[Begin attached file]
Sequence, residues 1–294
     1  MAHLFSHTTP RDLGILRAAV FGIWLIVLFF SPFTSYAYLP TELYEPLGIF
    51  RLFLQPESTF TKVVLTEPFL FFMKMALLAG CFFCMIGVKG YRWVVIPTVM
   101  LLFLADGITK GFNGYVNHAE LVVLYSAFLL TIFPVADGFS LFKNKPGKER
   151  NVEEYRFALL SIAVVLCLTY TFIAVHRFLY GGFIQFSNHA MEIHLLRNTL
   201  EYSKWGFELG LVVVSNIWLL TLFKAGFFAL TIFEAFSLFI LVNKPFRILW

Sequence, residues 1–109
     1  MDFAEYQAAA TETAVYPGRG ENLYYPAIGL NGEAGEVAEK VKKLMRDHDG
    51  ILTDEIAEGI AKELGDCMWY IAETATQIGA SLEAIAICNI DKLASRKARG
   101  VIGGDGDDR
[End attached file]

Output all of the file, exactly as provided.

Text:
Sequence, residues 1–294
     1  MAHLFSHTTP RDLGILRAAV FGIWLIVLFF SPFTSYAYLP TELYEPLGIF
    51  RLFLQPESTF TKVVLTEPFL FFMKMALLAG CFFCMIGVKG YRWVVIPTVM
   101  LLFLADGITK GFNGYVNHAE LVVLYSAFLL TIFPVADGFS LFKNKPGKER
   151  NVEEYRFALL SIAVVLCLTY TFIAVHRFLY GGFIQFSNHA MEIHLLRNTL
   201  EYSKWGFELG LVVVSNIWLL TLFKAGFFAL TIFEAFSLFI LVNKPFRILW

Sequence, residues 1–109
     1  MDFAEYQAAA TETAVYPGRG ENLYYPAIGL NGEAGEVAEK VKKLMRDHDG
    51  ILTDEIAEGI AKELGDCMWY IAETATQIGA SLEAIAICNI DKLASRKARG
   101  VIGGDGDDR